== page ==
Limitations of converting AutoCAD to Revit

You often need to convert AutoCAD to Revit. At times to convert "Standard Details" to Revit or use DWG files to build a Revit Model. This article focuses on using DWG files to build a Revit Model as well as limitations of the process. Revit Model that is built up using AutoCAD will not be an exact replica in terms of "Graphic Representation". This post will help you be aware of such limitations.

AutoCAD to Revit model is not automatic. It is used as an underlay to create the Revit Model. When you start building the model, there may be a mismatch between DWG wall lines and those in Revit.

AutoCAD Drawings are composed of geometric elements and contain no information about building elements. Revit models are composed of building elements, such as walls, floors and so on. Conversion process requires importing or linking DWG floor plans into Revit and then using imported CAD lines are used as guides to build Revit walls, openings and staircases etc.  Many of these Element thicknesses may not graphically match up.

Modeling Building Elements

DWG file is imported in Revit and used as a reference to model elements. Problem occurs when things do not match up.
As an example, an 8” CMU is drawn using parallel lines offset at 8”. In reality, an 8” CMU is "7’-5/8” thick. In Revit, one can easily define a wall with a core and all the skins.  Similarly, stud walls may be drawn using nominal sizes with materials and skins along with thicknesses of each. This may not have any serious implications in AutoCAD. 

In contrast, Revit models are often used to generate quantities. Inaccurate definitions would result in wrong quantities. As a result, wall lines do not match up.
The best option is to use center-line dimensions to build the model instead of aligning with wall lines. Never trace the imported DWG. Instead, always read dimensions if available in AutoCAD. If not, create Grids and read critical dimensions to remove any discrepancies.

Blocks & Families 

Most of your Plans, elevations, sections look almost identical to your typical AutoCAD drawings. However, there may be small differences, such as Doors & Windows in Plan, Furniture Elements and so on. even though they look similar in elevation. AutoCAD uses Blocks, Revit uses Families. And they may not match up. It is relatively easier to handle Doors & Windows. Most of these are available for download from Autodesk or other sites. In case of furniture however, modelling these to match DWG plans or elevations can be difficult.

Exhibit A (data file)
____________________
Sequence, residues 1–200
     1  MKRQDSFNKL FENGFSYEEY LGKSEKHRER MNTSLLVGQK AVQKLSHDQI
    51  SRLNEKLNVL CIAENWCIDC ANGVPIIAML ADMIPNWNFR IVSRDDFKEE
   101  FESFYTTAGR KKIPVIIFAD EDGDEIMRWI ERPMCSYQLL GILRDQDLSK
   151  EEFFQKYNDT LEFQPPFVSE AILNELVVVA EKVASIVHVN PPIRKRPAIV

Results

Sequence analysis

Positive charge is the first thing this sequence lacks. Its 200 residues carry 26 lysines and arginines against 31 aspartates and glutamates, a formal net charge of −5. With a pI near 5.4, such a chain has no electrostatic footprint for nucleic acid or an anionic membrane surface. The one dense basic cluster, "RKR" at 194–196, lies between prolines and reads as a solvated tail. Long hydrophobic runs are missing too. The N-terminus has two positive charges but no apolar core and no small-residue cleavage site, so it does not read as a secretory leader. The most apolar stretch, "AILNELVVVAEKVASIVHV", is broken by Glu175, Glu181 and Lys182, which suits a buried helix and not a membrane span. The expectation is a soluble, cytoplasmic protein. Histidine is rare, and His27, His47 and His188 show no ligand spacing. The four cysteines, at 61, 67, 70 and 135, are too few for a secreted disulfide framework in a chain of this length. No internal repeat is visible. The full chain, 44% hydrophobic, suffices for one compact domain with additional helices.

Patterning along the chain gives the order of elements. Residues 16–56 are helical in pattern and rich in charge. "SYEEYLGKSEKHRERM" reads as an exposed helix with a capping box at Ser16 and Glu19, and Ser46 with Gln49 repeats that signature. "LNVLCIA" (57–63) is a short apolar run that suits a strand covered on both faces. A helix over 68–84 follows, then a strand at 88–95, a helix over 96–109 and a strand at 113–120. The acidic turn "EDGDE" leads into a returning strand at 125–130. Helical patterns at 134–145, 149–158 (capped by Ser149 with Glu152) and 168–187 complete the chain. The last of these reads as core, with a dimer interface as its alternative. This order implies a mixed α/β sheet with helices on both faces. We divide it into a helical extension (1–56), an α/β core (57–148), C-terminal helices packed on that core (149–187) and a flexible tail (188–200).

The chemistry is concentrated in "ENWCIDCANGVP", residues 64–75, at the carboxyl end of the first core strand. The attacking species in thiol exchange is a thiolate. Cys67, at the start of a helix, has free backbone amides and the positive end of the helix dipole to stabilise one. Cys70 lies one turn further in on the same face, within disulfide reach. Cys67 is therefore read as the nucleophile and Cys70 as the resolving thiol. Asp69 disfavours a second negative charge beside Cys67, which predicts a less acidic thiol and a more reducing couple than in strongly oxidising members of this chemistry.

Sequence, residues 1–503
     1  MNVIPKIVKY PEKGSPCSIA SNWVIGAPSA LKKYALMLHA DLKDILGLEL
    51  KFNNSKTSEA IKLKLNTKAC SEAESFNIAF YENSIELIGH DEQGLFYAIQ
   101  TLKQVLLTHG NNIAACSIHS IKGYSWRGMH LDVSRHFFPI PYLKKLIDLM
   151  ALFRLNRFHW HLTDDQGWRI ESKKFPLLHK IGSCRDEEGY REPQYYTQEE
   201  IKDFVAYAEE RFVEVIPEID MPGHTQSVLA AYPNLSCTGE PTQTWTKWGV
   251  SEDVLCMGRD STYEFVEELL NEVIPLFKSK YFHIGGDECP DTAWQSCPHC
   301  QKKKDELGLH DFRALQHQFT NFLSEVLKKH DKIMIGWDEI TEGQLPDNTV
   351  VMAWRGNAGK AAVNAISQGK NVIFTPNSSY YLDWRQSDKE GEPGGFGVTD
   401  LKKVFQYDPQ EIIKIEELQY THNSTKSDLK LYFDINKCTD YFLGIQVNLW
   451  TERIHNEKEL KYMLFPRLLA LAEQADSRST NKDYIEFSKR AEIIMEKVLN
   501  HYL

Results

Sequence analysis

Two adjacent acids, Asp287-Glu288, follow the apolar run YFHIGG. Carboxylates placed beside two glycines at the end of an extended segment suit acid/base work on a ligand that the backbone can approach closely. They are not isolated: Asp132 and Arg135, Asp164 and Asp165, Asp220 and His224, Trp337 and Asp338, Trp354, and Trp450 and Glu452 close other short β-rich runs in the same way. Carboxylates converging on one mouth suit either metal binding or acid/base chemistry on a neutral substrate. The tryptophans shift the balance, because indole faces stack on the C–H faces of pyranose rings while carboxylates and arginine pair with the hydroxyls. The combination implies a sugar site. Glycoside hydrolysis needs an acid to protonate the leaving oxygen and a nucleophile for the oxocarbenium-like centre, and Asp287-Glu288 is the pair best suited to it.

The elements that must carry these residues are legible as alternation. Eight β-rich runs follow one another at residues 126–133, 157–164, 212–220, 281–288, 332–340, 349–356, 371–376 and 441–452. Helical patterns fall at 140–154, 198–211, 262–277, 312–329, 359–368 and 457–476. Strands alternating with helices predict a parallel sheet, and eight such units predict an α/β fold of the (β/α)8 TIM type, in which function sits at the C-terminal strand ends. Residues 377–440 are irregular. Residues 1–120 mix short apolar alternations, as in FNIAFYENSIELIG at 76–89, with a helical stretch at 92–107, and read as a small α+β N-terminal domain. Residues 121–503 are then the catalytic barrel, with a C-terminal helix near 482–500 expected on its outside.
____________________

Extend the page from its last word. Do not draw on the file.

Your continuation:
Fonts

Earlier versions of AutoCAD used shape fonts or SHX fonts. Later versions can use both SHX and True Type fonts. Revit does not use SHX fonts and if your drawings have used SHX Fonts, they need to be replaced with “True Type” fonts and then also the two are not an exact match.

Units

AutoCAD AEC (Architecture, Engineering & Construction) disciplines use drawings drawn to full scale in either Feet & fractional inches or millimetres. The drawing units in AutoCAD should either be “Architectural” or “Metric”. There may be times when you come across drawings where dimensions may show imperial units, whereas actual unit settings in AutoCAD may be metric or engineering. When you import DWG in Revit, scaling may go hay wire. The imported DWG may look very large of extremely small. By default, Revit reads default DWG units and uses this to scale drawings.
Check this out before importing. Type the following command in AutoCAD: 

Lunits → Enter → “4”  or "2"

if unit settings are Feet & Fractional inches. If they are in “MM”, it results in “2”. Make sure you the units in DWG and Revit Match up. At times you may need to specify import units.

In the next post I’ll discuss Tips on importing AutoCAD in to Revit